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Telephone counselling

Updated on March 11, 2014

Telephone counselling has been in existence for about 15 years (Rosenfield 1997). Telephone counselling takes place all over the world and has been increasing rapidly. The British Association for Counselling and Psychotherapy (BACP) defines telephone counselling as “…an explicitly contracted, on-going relationship between one therapist and one client conducted at specific prearranged times over the telephone” (Payne et al., 2006, p.2). This type of counselling is an accessible form of personal help that has a vital role in a community’s health and welfare (Bobevski, Holgate and McLennan, 1997) by providing a variety of helpful services, either through giving information or crisis intervention.


Telephone counselling services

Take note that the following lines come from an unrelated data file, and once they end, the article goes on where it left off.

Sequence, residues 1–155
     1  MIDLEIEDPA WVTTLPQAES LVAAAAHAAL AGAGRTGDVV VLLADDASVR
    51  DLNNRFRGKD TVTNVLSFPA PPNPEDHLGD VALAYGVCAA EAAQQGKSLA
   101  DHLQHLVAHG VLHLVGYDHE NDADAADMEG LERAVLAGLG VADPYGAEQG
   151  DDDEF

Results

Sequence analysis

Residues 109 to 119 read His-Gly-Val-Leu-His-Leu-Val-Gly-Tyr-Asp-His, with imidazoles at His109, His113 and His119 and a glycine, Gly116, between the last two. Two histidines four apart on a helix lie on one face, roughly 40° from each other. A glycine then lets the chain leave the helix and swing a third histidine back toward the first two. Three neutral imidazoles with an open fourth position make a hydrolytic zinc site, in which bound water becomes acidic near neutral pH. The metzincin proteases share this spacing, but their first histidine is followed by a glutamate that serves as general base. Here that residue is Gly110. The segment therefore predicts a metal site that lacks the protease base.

Telephone counselling services’ are often developed and available to respond to individuals who have particular needs, through addressing a specific issue (Sangha, Dircks and Langlois, 2003). These individuals include those who are at a high risk of committing suicide, alcohol or drug addicts, smokers, HIV and cancer patients, those suffering from sexual abuse, and so on. However, there are also services responding to a variety of issues that are available to the general public. Consequently, there are three types of services offering telephone counselling: 24-hour services offering counselling to the community in general, services that offer counselling for specific matters, and services that provide health and welfare counselling (Bobevski et al 1997). There are, therefore, a number of personal, professional, and organisational advantages to this type of counselling; however, there are some disadvantages to this type of counselling.


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